The materials and the ephod. — V.1. And take thou unto thee Aaron, thy brother, and his sons with him, from among the children of Israel, a man out of their own midst, that he may minister unto Me in the priest’s office, as the high priest of the people, even Aaron, Nadab and Abihu, Eleazar and Ithamar, Aaron’s sons, who were Aaron’s assistants in the capacity of priests. V.2. And thou shalt make holy garments for Aaron, thy brother, such as were separated from all ordinary use and to be employed in the service of the Tabernacle only, for glory and for beauty, expressive of the high dignity and excellence of the office. V.3. And thou shalt speak unto all that are wise-hearted, whom I have filled with the spirit of wisdom (to the natural skill of the craftsman was added special artistic understanding and ability for this particular work), that they may make Aaron’s garments to consecrate him, that he may minister unto Me in the priest’s office. For consecration the garments were to serve, to set Aaron apart in the functions of his office, and for the service of the priest’s work, all this latter being designated by a single verb in the Hebrew. V.4. And these are the garments which they shall make: a breastplate, and an ephod, and a robe, and a broidered coat, a miter, and a girdle, all these garments being described in this connection and in later ordinances. And they shall make holy garments for Aaron, thy brother, and his sons, that he may minister unto Me in the priest’s office. V.5. And they shall take gold, and blue, and purple, and scarlet, and fine linen. In addition to the fine materials which were used in making the precious hangings of the Tabernacle, the artisans were to weave gold threads into the cloth for the priest’s garments. V.6. And they shall make the ephod of gold, of blue, and of purple, of scarlet, and fine twined linen, with cunning work, a masterpiece of the weaver’s art. V.7. It shall have the two shoulder-pieces thereof joined at the two edges thereof; and so it shall be joined together, thus forming a kind of vest, but with the two parts distinct. V.8. And the curious girdle of the ephod, the girdle of the fastening, which is upon it, firmly attached to it, shall be of the same, according to the work thereof; even of gold, of blue, and purple, and scarlet, and fine twined linen, the ephod with its girdle forming practically a single garment, for the girdle was crossed over the stomach and carried around the waist, to hold the ephod firmly in place. V.9. And thou shalt take two onyx stones, and grave on them the names of the children of Israel; v.10. six of their names on one stone, and the other six names of the rest on the other stone, according to their birth, according to their respective ages, as the twelve sons of Jacob succeeded one another. V.11. With the work of an engraver in stone, like the engravings of a signet, thou shalt engrave the two stones with the names of the children of Israel, the ancestors of the twelve tribes; thou shalt make them to be set in ouches of gold, in settings which held them firmly all around. V.12. And thou shalt put the two stones upon the shoulders of the ephod for stones of memorial unto the children of Israel; and Aaron shall bear their names before the Lord upon his two shoulders for a memorial. The two stones with the names of the tribes of Israel engraved upon them, in their golden setting, which was continued in the form of a buckle, or clasp, were to bring the remembrance of the people before the Lord whenever the high priest wore this garment. The entire paragraph is typical, foreshadowing the office of our great High Priest, Jesus Christ. Clothed with incomparable dignity and glory, Christ performed the work of sacrifice for us, and, by virtue of His atonement, brings our names into remembrance before God, commends us to the Lord’s grace.
The breastplate. — V.13. And thou shalt make ouches of gold, clasps or buckles; v.14. and two chains of pure gold at the ends, attached to the clasps; of wreathen work shalt thou make them, by braiding gold wire, and fasten the wreathen chains to the ouches, so that the buckles, which probably had the form of rosettes, were firmly attached to the braided chains, the entire ornament being intended for holding the breastplate. V.15. And thou shalt make the breastplate of judgment, that being its full technical name, with cunning work, with the highest artistic workmanship; after the work of the ephod thou shalt make it; of gold, of blue, and of purple, and of scarlet, and of fine twined linen shalt thou make it. V.16. Foursquare it shall be being doubled, folded together to form a sort of pocket; a span shall be the length thereof, and a span shall be the breadth thereof, a span being half a cubit. V.17. And thou shalt set in it settings of stones, fill its outer side with rows of precious gems, even four rows of stones. The first row shall be a sardius, a topaz, and a carbuncle; this shall be the first row. V.18. And the second row shall be an emerald, a sapphire, and a diamond. V.19. And the third row a ligure, an agate, and an amethyst. V.20. And the fourth row a beryl, and an onyx, and a jasper (or a chrysolite, a beryl, and a jasper); they shall be set in gold in their inclosings, that is, in their settings. The modern names pretty accurately reproduce the Hebrew names, and may be accepted as fairly exact. The settings of the stones seem to have been ornamental clasps, which were of value also in fastening the stones to the heavy cloth of the breastplate. “The twelve precious stones denote the variety, manifoldness, and totality of the natural and gracious gifts bestowed on the people of God, and united in the one spirit of heavenly preciousness.” V.21. And the stones shall be with the names of the children of Israel, twelve, according to their names, like the engravings of a signet; everyone with his name shall they be according to the twelve tribes, corresponding both in number and in names. V.22. And thou shalt make upon the breastplate chains at the ends of wreathen work of pure gold. Cp. v.14. V.23. And thou shalt make upon the breastplate two rings of gold, and shalt put the two rings on the two ends of the breastplate, evidently above. V.24. And thou shalt put the two wreathen chains of gold, the braids of gold wire, in the two rings which are on the ends of the breastplate. V.25. And the other two ends of the two wreathen chains thou shalt fasten in the two ouches, in the clasps connected with the onyx stones on the shoulders, and put them on the shoulder-pieces of the ephod before it. V.26. And thou shalt make two rings of gold, and thou shalt put them upon the two ends of the breastplate in the border thereof, which is in the side of the ephod inward, on the lower edge, on the rear, or inner, side, facing the ephod. V.27. And two other rings of gold thou shalt make, and shalt put them on the two sides of the ephod underneath, toward the forepart thereof, over against the other coupling thereof, above the curious girdle of the ephod. The description indicates that these rings were placed on the shoulder-pieces of the ephod in the center below, where it was held together above the girdle. V.28. And they shall bind the breastplate by the rings thereof, that is, the lower rings, unto the rings of the ephod with a lace of blue, with threads of the hyacinth material which was used in the weaving of the cloth, that it may be above the curious girdle of the ephod, and that the breastplate be not loosed from the ephod. It was not only to be prevented from moving up and down, but also from sliding back and forth as it was worn, and from falling forward as the high priest stooped over. V.29. And Aaron shall bear the names of the children of Israel in the breastplate of judgment, of judicial sentence, upon his heart, when he goeth in unto the Holy Place, for a memorial before the Lord continually, v.12. V.30. And thou shalt put in the breastplate of judgment, in the pocket formed by its fold, the Urim and the Thummim (light and perfection; or revelation and truth); and they shall be upon Aaron’s heart when he goeth in before the Lord; and Aaron shall bear the judgment of the children of Israel upon his heart before the Lord continually, that is, the sentence of salvation, or righteousness, and the sentence of judgment; as the high priest he was the mediator between God and the people. Every high priest appearing before the Lord with the Urim and Thummim thereby became the advocate of the people, and usually received from the Lord such illumination as served to protect the children of Israel in their promised rights, Num. 27, 21. Christ is our High Priest. He is our Advocate with the Father; He reveals to us God’s light and truth, God’s gracious and good will toward us, by which we receive counsel and comfort in dark days. The Word of the Lord is a lamp unto our feet and a light upon our path.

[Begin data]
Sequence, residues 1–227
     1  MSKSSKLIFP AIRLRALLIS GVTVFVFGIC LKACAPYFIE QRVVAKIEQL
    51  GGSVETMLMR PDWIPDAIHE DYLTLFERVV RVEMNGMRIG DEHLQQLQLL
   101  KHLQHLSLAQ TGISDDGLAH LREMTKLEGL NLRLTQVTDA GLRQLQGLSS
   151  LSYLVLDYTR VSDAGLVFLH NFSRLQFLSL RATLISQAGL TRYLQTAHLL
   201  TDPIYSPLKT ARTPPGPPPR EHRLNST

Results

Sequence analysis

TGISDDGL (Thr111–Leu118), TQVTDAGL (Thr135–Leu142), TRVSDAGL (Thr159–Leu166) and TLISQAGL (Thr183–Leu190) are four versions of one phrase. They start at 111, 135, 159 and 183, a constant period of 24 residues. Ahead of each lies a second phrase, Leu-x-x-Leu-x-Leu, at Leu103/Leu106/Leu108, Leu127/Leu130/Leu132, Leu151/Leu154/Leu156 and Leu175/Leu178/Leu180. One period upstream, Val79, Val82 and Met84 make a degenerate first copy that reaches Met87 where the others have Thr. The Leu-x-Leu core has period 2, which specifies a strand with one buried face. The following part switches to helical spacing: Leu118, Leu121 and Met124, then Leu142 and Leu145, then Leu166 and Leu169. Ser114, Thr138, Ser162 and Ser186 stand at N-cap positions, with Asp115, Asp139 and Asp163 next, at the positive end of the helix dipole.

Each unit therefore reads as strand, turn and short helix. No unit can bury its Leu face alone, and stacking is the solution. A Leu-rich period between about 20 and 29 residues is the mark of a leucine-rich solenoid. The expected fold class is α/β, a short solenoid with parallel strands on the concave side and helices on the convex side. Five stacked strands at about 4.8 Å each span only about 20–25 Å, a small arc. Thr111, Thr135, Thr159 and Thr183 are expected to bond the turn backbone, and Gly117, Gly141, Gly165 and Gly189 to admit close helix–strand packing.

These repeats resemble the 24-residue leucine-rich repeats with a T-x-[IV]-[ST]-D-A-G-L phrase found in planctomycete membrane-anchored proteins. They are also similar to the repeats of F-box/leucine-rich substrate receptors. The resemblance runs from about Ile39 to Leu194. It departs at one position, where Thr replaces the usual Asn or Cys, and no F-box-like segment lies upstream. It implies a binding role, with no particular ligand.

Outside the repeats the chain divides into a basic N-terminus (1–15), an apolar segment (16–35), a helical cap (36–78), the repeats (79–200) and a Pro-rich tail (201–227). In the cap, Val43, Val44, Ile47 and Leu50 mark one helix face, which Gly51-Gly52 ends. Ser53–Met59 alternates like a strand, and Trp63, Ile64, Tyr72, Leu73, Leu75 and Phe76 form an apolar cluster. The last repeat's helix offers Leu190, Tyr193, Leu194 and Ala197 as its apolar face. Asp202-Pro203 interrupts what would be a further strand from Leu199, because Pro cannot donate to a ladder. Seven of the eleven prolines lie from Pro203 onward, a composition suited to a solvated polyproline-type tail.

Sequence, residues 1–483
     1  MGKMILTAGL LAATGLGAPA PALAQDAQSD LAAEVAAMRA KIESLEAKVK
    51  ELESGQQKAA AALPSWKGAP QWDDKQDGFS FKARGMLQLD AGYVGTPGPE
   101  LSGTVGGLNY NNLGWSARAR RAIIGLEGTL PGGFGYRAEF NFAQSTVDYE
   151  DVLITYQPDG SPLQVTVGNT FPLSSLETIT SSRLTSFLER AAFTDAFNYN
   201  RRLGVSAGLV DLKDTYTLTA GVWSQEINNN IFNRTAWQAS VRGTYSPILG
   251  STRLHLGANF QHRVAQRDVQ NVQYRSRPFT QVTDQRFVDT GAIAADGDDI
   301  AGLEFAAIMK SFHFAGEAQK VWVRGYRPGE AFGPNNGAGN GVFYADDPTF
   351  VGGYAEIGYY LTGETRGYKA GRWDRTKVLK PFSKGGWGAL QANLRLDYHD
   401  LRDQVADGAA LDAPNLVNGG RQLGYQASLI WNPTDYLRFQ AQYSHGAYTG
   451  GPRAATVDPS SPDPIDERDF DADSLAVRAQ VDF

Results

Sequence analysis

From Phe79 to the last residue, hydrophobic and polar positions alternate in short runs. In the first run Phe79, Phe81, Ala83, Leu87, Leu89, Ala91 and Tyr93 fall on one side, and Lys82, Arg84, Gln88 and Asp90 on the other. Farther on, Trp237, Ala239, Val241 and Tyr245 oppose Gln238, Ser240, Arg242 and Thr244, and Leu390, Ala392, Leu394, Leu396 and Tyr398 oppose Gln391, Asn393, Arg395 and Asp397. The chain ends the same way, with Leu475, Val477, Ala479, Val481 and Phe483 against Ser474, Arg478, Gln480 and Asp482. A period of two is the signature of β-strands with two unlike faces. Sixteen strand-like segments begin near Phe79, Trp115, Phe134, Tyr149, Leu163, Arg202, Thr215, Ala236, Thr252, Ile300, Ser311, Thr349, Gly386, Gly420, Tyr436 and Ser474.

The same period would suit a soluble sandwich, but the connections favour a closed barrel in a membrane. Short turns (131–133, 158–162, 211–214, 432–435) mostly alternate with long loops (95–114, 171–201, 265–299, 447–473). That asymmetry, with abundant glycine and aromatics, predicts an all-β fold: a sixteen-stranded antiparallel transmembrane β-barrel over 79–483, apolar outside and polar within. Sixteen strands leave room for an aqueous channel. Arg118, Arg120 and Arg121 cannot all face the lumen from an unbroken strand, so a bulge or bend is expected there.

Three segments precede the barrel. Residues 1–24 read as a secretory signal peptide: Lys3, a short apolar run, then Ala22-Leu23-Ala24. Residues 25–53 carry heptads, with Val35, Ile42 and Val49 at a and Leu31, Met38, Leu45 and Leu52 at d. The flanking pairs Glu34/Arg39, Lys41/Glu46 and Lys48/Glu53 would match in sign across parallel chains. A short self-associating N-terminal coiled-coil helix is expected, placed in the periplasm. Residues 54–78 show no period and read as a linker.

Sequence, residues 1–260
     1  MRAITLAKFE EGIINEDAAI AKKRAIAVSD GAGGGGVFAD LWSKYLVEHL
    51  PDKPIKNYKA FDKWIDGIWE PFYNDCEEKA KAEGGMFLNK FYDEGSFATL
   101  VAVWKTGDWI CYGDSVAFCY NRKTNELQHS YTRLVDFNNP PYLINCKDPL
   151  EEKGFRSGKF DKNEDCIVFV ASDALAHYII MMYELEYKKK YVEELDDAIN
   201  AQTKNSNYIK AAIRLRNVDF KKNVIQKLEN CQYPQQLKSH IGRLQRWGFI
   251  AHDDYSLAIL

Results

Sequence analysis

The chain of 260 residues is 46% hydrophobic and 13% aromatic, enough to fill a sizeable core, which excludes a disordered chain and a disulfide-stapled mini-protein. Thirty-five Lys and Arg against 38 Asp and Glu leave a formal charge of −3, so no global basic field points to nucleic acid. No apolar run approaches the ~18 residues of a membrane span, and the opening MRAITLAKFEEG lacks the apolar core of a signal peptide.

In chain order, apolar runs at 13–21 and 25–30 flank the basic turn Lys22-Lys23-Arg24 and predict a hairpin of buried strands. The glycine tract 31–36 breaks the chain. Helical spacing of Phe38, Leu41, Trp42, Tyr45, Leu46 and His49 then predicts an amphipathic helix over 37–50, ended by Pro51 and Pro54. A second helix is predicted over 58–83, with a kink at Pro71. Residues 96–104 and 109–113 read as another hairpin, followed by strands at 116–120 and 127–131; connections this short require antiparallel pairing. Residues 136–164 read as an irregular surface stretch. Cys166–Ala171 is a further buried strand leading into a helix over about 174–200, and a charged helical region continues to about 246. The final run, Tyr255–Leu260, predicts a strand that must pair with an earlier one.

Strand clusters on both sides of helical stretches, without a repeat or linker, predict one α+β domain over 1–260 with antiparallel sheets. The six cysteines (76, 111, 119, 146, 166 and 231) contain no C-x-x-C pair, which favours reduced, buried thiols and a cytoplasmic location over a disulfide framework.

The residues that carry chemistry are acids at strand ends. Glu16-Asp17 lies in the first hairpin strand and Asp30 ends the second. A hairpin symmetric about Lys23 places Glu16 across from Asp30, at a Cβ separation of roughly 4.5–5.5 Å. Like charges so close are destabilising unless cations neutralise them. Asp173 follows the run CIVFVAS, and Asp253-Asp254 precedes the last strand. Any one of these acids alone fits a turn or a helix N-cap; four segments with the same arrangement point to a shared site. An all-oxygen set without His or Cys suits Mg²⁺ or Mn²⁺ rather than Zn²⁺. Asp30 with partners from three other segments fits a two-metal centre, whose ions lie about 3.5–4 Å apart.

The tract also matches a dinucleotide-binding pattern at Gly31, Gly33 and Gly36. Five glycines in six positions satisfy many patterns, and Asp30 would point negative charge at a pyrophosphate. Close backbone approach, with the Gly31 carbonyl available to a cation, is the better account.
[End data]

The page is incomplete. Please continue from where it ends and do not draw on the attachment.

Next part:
The garments proper. — V.31. And thou shalt make the robe of the ephod, the robe of office, on which the ephod was fastened, all of blue, of the hyacinth-colored material which reminded them of the heavenly origin and character of the high-priestly office. This outer garment reached to the knees, leaving the skirts of the inner garment in plain sight. V.32. And there shall be an hole in the top of it, in the midst thereof; it shall have a binding of woven work, a sort of tape or heavy border, round about the hole of it, as it were the hole of an habergeon, of a linen shirt worn by soldiers, that it be not rent. V.33. And beneath, upon the hem of it, thou shalt make pomegranates, ornaments of that shape, of blue, and of purple, and of scarlet, round about the hem thereof; and bells of gold between them round about, which gave forth a musical tinkle as the high priest walked and the skirts of this garment swung back and forth. V.34. A golden bell and a pomegranate, a golden bell and a pomegranate, upon the hem of the robe round about, the two ornaments fastened alternately. V.35. And it shall be upon Aaron to minister; and his sound shall be heard when he goeth in unto the Holy Place before the Lord, and when he cometh out, that he die not. For as the pomegranates symbolized the sweet odor and the refreshing taste of the Word of God, Prov. 25, 11, so the golden bells symbolized the beautiful sound of the revelation and proclamation of God. The high priest, therefore, as the representative of the congregation and the bearer of the divine testimony, was not to undertake the work of his office without this official vestment, under penalty of death. V.36. And thou shalt make a plate of pure gold, and grave upon it, like the engravings of a signet, HOLINESS TO THE LORD. This was the high priest’s badge of office, a very important part of his priestly insignia, the crown of holiness, chap. 39, 30. V.37. And thou shalt put it on a blue lace, that it may be upon the miter; upon the forefront of the miter it shall be, held in place by a hyacinth-colored string. V.38. And it shall be upon Aaron’s forehead, that Aaron may bear the iniquity of the holy things, which the children of Israel shall hallow in all their holy gifts. The main function of the high priest’s office was to expiate sins, also such transgressions as were connected with the sacrifices of the people. And it shall be always upon his forehead, that they may be accepted before the Lord. Even so the expiation made by our great High Priest, Jesus Christ, removes from us all transgressions, including even that guilt of weakness which is connected with our Christian profession and worship. V.39. And thou shalt embroider the coat of fine linen, the tunic proper, of white byssus, reaching to the ankles; and thou shalt make the miter, the high turban or headdress, of fine linen, of byssus; and thou shalt make the girdle of needlework, woven out of the same precious materials from which the ephod was made. V.40. And for Aaron’s sons, as members of the order of priests, thou shalt make coats, and thou shalt make for them girdles, and bonnets shalt thou make for them, caps instead of the more elaborate turban of Aaron, for glory and for beauty, to signify both the great dignity and the peculiar excellence of Jehovah’s worship. The garments of the ordinary priests were pure white with the exception of the girdle; for the color of purity was exceptionally appropriate in the case of the priests, who were continually engaged in making offerings in behalf of the people. V.41. And thou shalt put them upon Aaron, thy brother, and his sons with him, each one was to receive the garments intended for his special office; and shalt anoint them, and consecrate them, the application of oil signified the setting apart, the transmitting of the rights and duties, the inducting into office, and sanctify them, that they may minister unto Me in the priest’s office. V.42. And thou shalt make them linen breeches to cover their nakedness, cp. chap. 20, 26; from the loins even unto the thighs they shall reach, for these parts must be kept covered on account of both natural or hereditary and acquired guilt. Not only every act of shamelessness, but even everything that called attention to sexual matters was to be avoided in the sanctuary. V.43. And they shall be upon Aaron and upon his sons when they come in unto the Tabernacle of the Congregation, or when they come near unto the altar to minister in the Holy Place, in their work of offering sacrifices, that they bear not iniquity, and die. It shall be a statute forever unto him and his seed after him. Cp. Lev. 8. All believers of the New Testament have the rank of priests before God, and their garments have been made white by the blood of the Lamb.